Then I finish editing video from the weekend, sneak in a two mile run, shower, pack and head to the lobby. I’m here now. Green Day’s drummer Tré Cool just walked by me with a security guard in tow. He tried to play it incognito with a forward-facing beige beret tucked down over a big pair of black sunglasses, but the aqua hair splaying out from the side was a dead giveaway. Coincidentally, I also saw him last night at the official American Music Awards after-party, before I ran into and met the band’s bassist, Mike Dirnt.

“I owned the ‘Dookie’ album on cassette!” I exclaimed. I may have had an alcoholic beverage or two at this point.

“I still own it on cassette!” Dirnt shot back. We snapped a quick selfie and went our separate ways.

A photo posted by Ralphie Aversa (@ralphieaversa) on


It’s nice to have tradition and routine; “typical” experiences like the aforementioned regarding two-thirds of Green Day.

But the unexpected can be just as, if not more entertaining. I wasn’t expecting to wake up Sunday to an overcast, mid-60’s day in downtown LA. Tents were pitched above the red carpet in L.A. Live, the area outside of Microsoft Theatre where the award show took place. And then, something took place that I don’t think has ever occurred in the history of the AMAs.

It rained. Steady, unforgiving rain. It even brought some wind. And people here lost it. The tents leaked. Puddles formed in front of the platforms where reporters and producers were frantically trying to adjust.

And as for the celebrities in attendance… to be honest, I think most of them don’t always need an excuse not to walk an entire red carpet. Even with our prime position for arrivals, we didn’t witness many first-hand. Gigi Hadid walked, or rather scurried by, clearly trying to get back inside to go over lines. Her co-host, the very relaxed and jovial Jay Pharoah stopped over to chat. Niall Horan was another one that sticks out; the Irishman talked with us ahead of his performance which was the first time he performed at the AMAs without his fellow One Direction mates.

As for our one-on-one room backstage, it is actually on the roof of a parking garage adjacent to the venue. If an artist wanted to stop by, they had to walk out of the venue.

In the rain.

We didn’t see too many familiar faces there, either. The very gracious Tim McGraw stopped by (greeting me with a “Hey, Ralphie boy!”). Maroon 5 hit the photo area before the band closed out the show with a performance of “Don’t Wanna Know” – I presume so that they could head home immediately after getting off stage.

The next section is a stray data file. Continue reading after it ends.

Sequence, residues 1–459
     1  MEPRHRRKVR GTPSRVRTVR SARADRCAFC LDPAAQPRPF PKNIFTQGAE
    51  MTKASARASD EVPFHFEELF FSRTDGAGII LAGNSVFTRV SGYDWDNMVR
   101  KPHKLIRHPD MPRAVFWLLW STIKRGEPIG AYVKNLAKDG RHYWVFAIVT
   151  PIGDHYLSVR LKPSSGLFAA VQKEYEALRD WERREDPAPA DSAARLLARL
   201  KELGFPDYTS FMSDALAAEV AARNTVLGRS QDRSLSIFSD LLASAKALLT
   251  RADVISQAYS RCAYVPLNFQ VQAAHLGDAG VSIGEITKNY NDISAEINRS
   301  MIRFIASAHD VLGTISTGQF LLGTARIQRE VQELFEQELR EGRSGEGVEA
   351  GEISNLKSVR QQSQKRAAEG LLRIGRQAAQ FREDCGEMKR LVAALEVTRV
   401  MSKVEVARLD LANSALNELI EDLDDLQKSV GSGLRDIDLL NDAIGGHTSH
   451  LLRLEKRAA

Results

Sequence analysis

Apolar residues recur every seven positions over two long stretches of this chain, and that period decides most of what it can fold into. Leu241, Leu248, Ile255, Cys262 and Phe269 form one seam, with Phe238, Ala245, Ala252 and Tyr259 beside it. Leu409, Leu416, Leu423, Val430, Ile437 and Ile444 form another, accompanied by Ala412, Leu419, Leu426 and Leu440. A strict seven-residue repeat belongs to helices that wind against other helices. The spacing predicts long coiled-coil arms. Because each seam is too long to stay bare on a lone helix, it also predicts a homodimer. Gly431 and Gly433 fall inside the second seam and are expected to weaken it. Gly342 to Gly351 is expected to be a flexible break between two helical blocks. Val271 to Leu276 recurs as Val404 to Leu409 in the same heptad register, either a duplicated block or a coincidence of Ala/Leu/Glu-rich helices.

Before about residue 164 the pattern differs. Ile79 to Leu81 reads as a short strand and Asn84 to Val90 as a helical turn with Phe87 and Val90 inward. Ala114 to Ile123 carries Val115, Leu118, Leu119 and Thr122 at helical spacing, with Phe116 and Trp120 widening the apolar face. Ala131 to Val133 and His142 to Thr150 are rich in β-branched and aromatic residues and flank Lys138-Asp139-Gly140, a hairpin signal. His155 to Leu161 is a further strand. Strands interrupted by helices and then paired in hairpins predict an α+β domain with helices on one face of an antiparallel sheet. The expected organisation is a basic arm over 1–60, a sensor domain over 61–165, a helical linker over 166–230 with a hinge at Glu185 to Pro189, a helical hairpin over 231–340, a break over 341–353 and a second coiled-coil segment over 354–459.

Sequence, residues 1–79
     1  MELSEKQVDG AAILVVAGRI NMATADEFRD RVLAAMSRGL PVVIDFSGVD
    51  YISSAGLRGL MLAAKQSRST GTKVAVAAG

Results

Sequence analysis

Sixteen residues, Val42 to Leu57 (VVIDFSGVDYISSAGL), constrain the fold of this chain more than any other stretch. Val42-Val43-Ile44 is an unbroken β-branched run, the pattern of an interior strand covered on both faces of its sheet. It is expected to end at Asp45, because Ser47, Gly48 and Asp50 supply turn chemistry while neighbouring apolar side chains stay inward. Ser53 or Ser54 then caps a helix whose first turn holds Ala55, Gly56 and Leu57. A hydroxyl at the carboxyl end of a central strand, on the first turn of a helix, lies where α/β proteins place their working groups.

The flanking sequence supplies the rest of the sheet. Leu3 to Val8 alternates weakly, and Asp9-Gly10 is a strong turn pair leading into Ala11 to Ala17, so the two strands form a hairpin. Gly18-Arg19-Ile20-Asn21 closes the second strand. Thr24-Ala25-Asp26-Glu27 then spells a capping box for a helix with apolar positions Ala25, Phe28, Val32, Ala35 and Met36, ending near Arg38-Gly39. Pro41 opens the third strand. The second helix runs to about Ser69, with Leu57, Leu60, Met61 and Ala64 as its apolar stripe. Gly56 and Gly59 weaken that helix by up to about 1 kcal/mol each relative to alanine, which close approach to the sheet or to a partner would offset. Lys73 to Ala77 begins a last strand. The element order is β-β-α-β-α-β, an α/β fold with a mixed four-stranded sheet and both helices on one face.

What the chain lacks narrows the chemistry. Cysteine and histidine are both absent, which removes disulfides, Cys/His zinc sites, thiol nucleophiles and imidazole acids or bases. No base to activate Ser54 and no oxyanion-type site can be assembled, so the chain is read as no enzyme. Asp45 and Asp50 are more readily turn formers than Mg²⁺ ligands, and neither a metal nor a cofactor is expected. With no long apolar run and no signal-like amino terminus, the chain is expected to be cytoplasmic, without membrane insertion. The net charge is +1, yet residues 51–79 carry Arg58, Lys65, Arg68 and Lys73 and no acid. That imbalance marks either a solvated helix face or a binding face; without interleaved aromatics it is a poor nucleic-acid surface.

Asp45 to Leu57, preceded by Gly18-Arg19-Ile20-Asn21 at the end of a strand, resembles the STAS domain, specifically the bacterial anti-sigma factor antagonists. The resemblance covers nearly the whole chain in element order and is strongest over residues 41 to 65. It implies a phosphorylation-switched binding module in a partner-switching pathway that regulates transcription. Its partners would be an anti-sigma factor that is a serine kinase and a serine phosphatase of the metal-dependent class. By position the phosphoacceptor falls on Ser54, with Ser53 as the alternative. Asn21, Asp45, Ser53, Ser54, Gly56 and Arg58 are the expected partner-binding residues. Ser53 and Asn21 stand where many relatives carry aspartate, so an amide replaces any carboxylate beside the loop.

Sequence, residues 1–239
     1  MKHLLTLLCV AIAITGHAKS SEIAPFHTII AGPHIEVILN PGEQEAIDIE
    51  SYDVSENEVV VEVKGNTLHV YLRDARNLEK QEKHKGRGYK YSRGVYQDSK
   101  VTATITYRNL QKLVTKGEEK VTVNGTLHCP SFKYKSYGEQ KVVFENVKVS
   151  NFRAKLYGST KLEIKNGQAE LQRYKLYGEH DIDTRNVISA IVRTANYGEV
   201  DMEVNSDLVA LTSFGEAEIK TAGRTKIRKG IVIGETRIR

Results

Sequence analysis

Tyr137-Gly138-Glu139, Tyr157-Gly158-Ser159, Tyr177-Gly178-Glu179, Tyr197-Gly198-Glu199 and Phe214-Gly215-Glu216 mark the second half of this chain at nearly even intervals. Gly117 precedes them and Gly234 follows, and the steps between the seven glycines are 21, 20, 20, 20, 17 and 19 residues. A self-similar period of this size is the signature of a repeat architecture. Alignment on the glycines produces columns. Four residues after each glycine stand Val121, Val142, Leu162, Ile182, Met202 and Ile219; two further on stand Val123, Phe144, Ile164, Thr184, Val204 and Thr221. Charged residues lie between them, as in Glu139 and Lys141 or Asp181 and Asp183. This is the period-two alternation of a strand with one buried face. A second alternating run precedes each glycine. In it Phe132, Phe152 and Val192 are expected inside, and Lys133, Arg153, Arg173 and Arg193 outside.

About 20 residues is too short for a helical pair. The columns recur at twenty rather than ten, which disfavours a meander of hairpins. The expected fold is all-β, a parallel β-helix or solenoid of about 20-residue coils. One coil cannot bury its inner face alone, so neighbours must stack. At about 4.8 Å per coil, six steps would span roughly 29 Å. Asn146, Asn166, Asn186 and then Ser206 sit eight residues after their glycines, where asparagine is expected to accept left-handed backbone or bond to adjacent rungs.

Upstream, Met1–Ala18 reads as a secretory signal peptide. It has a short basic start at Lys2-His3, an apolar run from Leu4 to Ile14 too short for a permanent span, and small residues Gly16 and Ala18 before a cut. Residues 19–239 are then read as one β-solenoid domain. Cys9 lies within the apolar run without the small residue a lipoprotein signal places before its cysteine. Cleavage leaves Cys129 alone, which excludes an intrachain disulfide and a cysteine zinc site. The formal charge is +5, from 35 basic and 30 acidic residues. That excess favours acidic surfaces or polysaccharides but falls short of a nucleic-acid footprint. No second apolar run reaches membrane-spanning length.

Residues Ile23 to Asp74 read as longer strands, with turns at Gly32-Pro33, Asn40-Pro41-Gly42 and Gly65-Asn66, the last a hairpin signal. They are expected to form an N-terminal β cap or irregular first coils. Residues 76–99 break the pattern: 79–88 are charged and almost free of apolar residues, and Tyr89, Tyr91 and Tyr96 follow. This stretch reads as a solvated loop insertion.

After all, the rain along with two events at the Staples Center next door and the AMAs made for quite the traffic predicament in Los Angeles. But that’s expected around here.

A photo posted by 95.5 PLJ (@955plj) on

For our second and final day inside Westwood One’s Backstage at the 2016 American Music Awards, we chatted with a bunch of stars, including a few performers for Sunday night’s AMAs. John Legend reminisced about his time as a church choir director in Scranton and revealed his Thanksgiving plans, The Chainsmokers talked about working in the studio with Coldplay’s Chris Martin and former “Glee” star Jane Lynch popped by to explain why she released a Christmas album. More photos, videos and audio interviews below.





For our first day inside Westwood One’s Backstage at the 2016 American Music Awards, we chatted with Andy Grammer on his Thanksgiving plans, Tinashe on working with Britney Spears and We The Kings’ Travis Clark on covering a song from the hit-musical “Hamilton.” Check out the photos, video and audio interviews below!





Just 11 months ago, Daya’s parents were pushing her to apply to college, just in-case this whole singing career didn’t pan out.

Fast forward to October 2016, just a few weeks shy of her 18th birthday, and suffice to say the artist will be deferring.

“I did apply last year,” Daya, nee Grace Tandon, told me last weekend after opening for Fergie inside Connecticut’s Mohegan Sun Arena. “It was just kind of a back-up and my parents wanted me to, blah-blah-blah.”

Daya’s older sister attends Brown University in Rhode Island. And the “Hide Away” songstress doesn’t rule out an eventual return to the classroom, but at the moment that certainly isn’t necessary. In less than a year, the Pittsburgh-born singer has scored two top 10 hits at pop radio as a title artist.
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But without question her biggest song to-date is the contribution she made to The Chainsmokers’ “Don’t Let Me Down,” a song that grabbed Daya her first ever American Music Award nomination for “Best Collaboration.” “Don’t Let Me Down” also ended up accumulating the most spins of any single this past summer at pop radio.

“That’s crazy! That’s just so wild!” a clearly excited Daya replied when I informed her of that fact. “I didn’t know that it would be that big. I mean, I knew that it was a great song and I was so happy to collaborate with them on it because they’re awesome but you never know with radio.”

Daya is certainly becoming more familiar with the airwaves though. Her latest hit is the title track from her debut album, “Sit Still, Look Pretty.”

“(The song) was always special to me,” she said. “It just kind of felt natural for me to name the album ‘Sit Still, Look Pretty,’ and I think that’s kind of what I want my brand to be as young female artist in this industry; don’t let people limit you in what you can do.”

After all, it’s not like Daya was born in Los Angeles or New York. She grew up in Pittsburgh and the man who executive produced her album, Gino Barletta, is from Hazleton, Pennsylvania.

“This is our baby together that we just created over this past year and a weight feels lifted off of all of our shoulders,” she noted. “We’ve all just helped each other out. We all work hard and are passionate and good things are happening.”

And if they keep that up, who knows what the next 11 months could have in store.